"Do you ... do you think I'm pretty?" She thought that he did, since he always seemed to stare at her in that strange, assessing way, but still she held her breath. Her plan was doomed to fail if the answer was no.

A slow, appreciative smile curved his lips. He studied the shape of her mouth and the line of her jaw, let his eyes drift down to her breasts. She wished they were round and full like Betsy's.

"You're very pretty, Ariel."

"Do ... do you think a man ... someone like yerself ... do you think — in a few years, I mean — that a man like you might be interested in a girl like me?"

Lord Greville frowned. "There are different kinds of interest, Ariel. You and I are not from the same social circles, but that doesn't mean I wouldn't find you attractive. I believe — in a few years' time — you'll grow into a beautiful young woman."

Her heart kicked up with hope. "If that is so, I was wonderin' ... I've heard stories, milord ... about the ladies you keep in London."

The frown reappeared, mixed with a look she couldn't quite read. "Exactly what sort of stories have you heard, my dear?"

"Oh, nothin' bad, milord," she hastened to assure him. "Just about the girls ... that you treat 'em real good and buy 'em pretty dresses and all."

He didn't ask where she'd heard the tales. It was common knowledge in the village that over the years the earl had kept a number of young women as his mistresses.

"What exactly are you asking me, Ariel?"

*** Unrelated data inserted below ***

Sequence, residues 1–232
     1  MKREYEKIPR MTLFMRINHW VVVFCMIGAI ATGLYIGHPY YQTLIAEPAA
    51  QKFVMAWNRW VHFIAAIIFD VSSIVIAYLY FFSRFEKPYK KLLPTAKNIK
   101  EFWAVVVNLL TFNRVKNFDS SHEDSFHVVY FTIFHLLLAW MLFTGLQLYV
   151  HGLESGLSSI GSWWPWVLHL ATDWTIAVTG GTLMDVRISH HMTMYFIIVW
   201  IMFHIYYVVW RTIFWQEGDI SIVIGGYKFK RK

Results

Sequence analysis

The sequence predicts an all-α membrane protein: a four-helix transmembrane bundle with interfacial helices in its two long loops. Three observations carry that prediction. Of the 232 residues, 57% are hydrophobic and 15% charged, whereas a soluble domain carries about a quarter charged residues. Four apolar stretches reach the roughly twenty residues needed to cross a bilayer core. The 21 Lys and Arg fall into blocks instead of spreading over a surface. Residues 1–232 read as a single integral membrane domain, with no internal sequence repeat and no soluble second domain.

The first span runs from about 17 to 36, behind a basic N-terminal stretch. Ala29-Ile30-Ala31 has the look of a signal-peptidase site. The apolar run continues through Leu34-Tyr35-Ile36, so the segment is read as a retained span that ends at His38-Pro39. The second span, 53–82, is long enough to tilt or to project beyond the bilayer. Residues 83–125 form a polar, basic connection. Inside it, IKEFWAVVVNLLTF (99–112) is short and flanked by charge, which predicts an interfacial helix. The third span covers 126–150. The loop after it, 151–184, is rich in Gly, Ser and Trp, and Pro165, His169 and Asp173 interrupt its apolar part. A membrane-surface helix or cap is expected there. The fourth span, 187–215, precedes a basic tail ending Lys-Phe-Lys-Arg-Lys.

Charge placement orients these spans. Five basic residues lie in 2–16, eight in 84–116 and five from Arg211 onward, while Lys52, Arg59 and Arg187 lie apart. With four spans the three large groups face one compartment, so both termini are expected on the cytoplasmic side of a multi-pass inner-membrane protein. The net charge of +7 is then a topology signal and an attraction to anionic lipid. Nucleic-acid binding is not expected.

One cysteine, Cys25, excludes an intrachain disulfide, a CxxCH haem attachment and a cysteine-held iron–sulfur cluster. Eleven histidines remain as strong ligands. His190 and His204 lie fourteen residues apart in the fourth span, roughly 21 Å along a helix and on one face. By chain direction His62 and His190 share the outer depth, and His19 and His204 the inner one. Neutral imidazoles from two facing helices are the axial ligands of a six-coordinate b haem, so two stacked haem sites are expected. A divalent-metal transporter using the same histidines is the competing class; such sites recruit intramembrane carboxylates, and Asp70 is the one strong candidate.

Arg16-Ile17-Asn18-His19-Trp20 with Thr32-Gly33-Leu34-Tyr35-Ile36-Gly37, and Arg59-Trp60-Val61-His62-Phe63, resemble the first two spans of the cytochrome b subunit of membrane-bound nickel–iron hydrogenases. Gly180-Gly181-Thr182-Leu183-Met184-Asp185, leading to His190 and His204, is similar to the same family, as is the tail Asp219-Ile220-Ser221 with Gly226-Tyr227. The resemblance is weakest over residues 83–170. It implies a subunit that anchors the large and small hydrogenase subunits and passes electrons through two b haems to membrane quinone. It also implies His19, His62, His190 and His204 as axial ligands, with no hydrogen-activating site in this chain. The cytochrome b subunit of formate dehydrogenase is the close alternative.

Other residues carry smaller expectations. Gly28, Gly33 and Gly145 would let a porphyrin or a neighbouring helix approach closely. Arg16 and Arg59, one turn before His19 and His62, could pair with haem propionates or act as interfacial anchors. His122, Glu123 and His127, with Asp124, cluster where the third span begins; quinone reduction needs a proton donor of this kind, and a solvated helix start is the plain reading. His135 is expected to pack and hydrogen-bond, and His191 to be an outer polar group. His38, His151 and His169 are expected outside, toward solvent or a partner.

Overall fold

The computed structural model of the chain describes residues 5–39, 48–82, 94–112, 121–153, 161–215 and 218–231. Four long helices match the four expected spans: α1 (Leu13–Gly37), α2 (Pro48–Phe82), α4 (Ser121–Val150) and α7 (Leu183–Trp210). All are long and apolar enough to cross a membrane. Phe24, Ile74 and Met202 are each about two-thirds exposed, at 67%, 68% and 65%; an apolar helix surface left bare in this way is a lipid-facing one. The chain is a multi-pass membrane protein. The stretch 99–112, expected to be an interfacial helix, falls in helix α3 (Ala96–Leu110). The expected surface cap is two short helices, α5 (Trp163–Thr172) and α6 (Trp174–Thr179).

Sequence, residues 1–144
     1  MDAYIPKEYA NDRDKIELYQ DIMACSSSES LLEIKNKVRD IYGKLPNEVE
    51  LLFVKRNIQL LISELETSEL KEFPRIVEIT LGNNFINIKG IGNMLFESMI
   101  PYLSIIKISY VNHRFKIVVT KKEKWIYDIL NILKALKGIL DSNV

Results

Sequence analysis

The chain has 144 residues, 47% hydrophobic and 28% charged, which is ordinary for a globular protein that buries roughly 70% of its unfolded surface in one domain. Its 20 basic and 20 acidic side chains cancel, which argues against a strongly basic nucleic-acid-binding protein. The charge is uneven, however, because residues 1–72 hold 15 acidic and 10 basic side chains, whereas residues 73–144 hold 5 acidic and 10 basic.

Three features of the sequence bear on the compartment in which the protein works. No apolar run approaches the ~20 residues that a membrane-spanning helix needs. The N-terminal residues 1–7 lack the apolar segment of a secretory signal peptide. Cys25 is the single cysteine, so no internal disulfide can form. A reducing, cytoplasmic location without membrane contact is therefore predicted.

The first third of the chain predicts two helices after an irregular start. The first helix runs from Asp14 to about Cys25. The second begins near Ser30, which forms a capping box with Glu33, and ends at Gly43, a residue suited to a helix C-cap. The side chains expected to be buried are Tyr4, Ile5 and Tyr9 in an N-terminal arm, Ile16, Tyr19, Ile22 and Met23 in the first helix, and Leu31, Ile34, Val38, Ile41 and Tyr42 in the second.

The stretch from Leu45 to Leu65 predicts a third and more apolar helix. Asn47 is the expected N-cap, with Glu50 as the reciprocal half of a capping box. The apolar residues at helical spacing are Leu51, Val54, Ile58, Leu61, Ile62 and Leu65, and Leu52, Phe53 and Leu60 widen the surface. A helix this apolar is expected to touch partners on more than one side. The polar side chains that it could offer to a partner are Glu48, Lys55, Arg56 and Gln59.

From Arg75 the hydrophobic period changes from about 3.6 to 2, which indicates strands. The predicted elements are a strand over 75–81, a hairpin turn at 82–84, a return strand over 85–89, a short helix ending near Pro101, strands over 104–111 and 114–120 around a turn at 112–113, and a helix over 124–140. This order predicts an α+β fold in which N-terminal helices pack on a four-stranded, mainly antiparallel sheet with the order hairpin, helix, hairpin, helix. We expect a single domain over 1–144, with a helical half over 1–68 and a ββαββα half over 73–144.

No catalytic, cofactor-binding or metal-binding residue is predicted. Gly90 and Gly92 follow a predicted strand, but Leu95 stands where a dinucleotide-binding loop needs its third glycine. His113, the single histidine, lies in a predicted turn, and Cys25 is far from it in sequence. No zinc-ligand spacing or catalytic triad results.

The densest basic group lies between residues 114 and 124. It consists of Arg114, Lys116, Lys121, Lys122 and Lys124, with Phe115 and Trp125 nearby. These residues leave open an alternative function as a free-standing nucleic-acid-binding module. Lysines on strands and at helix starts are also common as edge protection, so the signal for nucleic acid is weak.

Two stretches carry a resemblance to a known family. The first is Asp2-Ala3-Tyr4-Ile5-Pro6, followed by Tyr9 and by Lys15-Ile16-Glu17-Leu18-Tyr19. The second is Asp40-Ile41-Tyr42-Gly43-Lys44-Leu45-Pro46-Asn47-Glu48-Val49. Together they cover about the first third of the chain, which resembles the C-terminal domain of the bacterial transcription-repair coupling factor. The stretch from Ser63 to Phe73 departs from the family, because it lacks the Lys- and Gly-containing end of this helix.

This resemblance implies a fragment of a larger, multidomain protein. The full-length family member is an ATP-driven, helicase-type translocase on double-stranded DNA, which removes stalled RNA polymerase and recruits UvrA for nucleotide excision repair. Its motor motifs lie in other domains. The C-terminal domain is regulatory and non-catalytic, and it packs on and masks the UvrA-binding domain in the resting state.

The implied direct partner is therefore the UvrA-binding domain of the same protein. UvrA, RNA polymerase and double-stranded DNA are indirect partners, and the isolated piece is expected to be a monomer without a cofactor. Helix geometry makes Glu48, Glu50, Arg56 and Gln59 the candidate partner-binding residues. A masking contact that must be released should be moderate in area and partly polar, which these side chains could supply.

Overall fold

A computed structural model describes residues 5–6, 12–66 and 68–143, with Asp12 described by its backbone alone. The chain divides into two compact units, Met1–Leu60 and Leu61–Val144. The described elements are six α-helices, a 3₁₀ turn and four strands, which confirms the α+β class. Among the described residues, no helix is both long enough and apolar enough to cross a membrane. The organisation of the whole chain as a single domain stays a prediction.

"I was hopin' maybe you and me could make some sorta bargain."

"What sort of bargain?"

It all rushed out in a single long breath, as if a dam had suddenly broken. "I wanna be a lady, milord — more than anything in the world. I want to learn to read and write. I wanna learn to speak right and wear pretty clothes — and put up me hair." She swept the long mass up on her head to demonstrate her words. When she released it, it tumbled back down past her waist. "If you would send me to school so's I could learn all those things ... if I could go to one of those fancy finishin' schools where they teach you to be a lady, then I'd be willin' to be one of yer girls."

She watched the surprise in his eyes turn to speculation, rather an unholy gleam, she thought, and felt the first faint stirrings of trepidation.

"You want me to pay for your education — is that what you're saying?"

"Aye, milord."

"And in return, you would be willing to become my mistress."

She swallowed. "Aye."

"Do you understand what that word means?"

A beet red flush stole into her cheeks, as she knew it meant sleeping in the same bed with the man. What else it might entail she wasn't completely sure, but it didn't really matter. She was willing to pay whatever price it took to escape her father and her wretched life on the farm. "Mostly, milord."